I've been playing with power supplies for quite a while now and I guess in my old age, I like to sometimes make things interesting. My normal method of testing a PSU was to get the system up and running, get a burning session on a CD-RW running in the background, then cranking up something along the lines of Quake 4 and run a long-winded demo. Once everything is cranked up, I'll measure the voltage levels along the power rails to see how close they remain to specifications. The thought behind this method of testing is to see if the power supply can maintain acceptable power levels while under stress.
While I will continue to use this methodology, I also decided to compare these results with the power levels at system idle just to see how much the unit drops off while the system is under a load. This should give us a little more in depth picture of what the PSU in question is capable of. After all, with power supplies becoming a very important component in modern computers, it pays to know ahead of time what works and what doesn't.
But before we dig into the multimeter readings, lets take a quick look at the test system being used:
DFI LANParty UT nF4 Ultra-D motherboard (nVidia nForce4 Ultra chipset)
AMD Athlon FX-53 processor (Supplied by Newegg.com)
2x 512MB Mushkin "Redline" PC3200 memory (Supplied by Mushkin)
GeCube X1900XTX graphics card (Supplied by GeCube)
Four case fans + Thermaltake CPU cooler using 80mm x 38mm high performance fan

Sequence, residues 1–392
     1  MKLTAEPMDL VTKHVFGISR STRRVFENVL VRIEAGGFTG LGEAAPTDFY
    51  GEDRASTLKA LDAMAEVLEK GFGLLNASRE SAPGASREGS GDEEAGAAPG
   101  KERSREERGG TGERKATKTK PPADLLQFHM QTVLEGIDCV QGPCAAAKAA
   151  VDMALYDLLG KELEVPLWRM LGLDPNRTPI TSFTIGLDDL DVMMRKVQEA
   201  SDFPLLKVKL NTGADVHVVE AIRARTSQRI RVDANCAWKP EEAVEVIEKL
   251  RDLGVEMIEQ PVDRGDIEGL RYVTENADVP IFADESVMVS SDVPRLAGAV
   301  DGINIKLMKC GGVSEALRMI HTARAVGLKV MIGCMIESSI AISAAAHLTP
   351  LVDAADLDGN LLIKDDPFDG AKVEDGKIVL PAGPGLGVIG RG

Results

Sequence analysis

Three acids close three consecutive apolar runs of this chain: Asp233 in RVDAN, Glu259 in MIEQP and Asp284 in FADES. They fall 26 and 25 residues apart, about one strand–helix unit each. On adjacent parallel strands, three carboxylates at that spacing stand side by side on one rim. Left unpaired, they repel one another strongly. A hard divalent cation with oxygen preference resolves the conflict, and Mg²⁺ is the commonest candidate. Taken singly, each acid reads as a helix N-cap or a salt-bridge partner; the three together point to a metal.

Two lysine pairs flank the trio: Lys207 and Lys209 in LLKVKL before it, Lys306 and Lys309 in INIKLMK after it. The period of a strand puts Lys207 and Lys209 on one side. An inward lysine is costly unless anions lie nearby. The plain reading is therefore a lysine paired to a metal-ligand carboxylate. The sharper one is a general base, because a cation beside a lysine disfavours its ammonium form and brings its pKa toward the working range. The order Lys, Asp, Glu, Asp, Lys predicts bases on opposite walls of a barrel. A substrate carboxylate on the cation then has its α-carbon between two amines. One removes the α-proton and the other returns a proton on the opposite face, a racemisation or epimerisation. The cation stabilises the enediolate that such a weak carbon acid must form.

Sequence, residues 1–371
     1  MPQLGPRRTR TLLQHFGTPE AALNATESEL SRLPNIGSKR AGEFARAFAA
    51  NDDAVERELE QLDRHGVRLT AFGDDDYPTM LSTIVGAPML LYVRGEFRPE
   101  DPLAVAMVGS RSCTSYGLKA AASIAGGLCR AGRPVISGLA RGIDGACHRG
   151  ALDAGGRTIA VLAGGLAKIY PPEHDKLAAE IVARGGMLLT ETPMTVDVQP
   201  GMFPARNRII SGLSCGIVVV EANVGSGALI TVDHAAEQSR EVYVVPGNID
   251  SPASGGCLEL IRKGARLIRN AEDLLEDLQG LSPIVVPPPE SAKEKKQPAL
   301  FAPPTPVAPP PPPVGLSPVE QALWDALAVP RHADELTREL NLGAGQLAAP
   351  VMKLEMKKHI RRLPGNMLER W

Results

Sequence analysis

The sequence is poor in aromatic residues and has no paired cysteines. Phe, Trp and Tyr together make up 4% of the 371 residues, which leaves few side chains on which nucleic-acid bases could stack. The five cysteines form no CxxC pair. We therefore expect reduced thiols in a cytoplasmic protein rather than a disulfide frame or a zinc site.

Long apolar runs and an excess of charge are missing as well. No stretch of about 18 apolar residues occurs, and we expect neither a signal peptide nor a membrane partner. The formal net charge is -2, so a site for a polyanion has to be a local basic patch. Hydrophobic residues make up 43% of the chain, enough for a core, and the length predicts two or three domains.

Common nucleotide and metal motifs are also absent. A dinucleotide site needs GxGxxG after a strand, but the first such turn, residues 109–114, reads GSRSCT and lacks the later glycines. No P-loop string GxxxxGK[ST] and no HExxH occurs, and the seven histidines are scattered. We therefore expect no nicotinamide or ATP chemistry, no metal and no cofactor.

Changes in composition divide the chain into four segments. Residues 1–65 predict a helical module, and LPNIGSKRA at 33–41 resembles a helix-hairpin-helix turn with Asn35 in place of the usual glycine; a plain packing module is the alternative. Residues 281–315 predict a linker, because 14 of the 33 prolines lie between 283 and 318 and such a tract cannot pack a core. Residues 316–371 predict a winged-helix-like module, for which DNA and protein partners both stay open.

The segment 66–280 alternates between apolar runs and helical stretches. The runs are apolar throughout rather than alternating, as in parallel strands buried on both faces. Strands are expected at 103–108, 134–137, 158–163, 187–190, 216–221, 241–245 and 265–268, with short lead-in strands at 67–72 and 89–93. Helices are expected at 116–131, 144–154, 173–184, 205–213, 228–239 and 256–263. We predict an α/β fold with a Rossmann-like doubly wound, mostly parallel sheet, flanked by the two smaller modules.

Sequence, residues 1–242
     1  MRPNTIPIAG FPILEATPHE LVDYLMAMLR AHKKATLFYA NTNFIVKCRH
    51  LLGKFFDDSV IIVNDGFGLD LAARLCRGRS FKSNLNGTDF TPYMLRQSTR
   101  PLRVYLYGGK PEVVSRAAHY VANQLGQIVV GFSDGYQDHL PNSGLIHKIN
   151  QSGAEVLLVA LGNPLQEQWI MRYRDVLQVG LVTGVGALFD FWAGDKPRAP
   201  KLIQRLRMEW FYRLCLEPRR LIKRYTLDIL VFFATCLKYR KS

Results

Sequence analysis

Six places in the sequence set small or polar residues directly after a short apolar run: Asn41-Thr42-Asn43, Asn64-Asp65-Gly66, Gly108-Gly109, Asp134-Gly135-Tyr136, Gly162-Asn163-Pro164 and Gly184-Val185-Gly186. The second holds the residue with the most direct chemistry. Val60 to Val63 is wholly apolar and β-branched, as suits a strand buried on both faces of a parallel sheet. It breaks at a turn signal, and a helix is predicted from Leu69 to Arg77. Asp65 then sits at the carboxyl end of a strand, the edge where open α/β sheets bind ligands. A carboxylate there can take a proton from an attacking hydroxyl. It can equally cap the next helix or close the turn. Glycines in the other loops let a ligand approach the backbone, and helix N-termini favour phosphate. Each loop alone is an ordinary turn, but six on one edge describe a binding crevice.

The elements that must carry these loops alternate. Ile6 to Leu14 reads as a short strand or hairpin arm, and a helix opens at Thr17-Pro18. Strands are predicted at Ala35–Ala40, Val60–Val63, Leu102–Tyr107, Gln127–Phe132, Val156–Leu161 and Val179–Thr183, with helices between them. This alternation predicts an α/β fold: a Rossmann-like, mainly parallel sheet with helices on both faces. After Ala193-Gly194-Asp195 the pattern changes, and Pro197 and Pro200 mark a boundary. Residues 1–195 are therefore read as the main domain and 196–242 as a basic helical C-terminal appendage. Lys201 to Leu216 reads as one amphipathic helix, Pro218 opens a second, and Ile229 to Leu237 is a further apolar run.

All right then... the system is running and the tasks are chugging along. The processor is at default speed and voltage is set to 1.5v. The memory is running at 2.9v and all other levels are set to default. The motherboard is an absolute power hog and the video card has sent many lesser power supplies to an early grave. Let's see what this thing can do!
For those running newer processors, the main concern will be the 12v rail. For those still running something along the lines of a Socket A Athlon, the 5v rail will be of higher importance. It only takes a quick glance above, however, to see that it won't matter.
The OCZ GameXStream 600 managed to put up very solid numbers on all three voltage rails. This is especially interesting considering that the DFI mainboard being used requires both a 4-pin Molex and a FDD connection to be made from the power supply. This motherboard literally drains the life out of many lower-end models on the market but the OCZ didn't even flinch. This is excellent news for those who are looking at building that awe inspiring monster rig to take to your next LAN.
One item of note was the amount of fluctuation in this unit. While the levels never came down to under full factory specs, I saw a regular fluctuation of roughly .03 - .06v along the 12v and 5v rails. While I was a little concerned about this at first, no amount of torture was able to cause even the smallest amount of system instability, so I'll have to write it off as a trivial fact.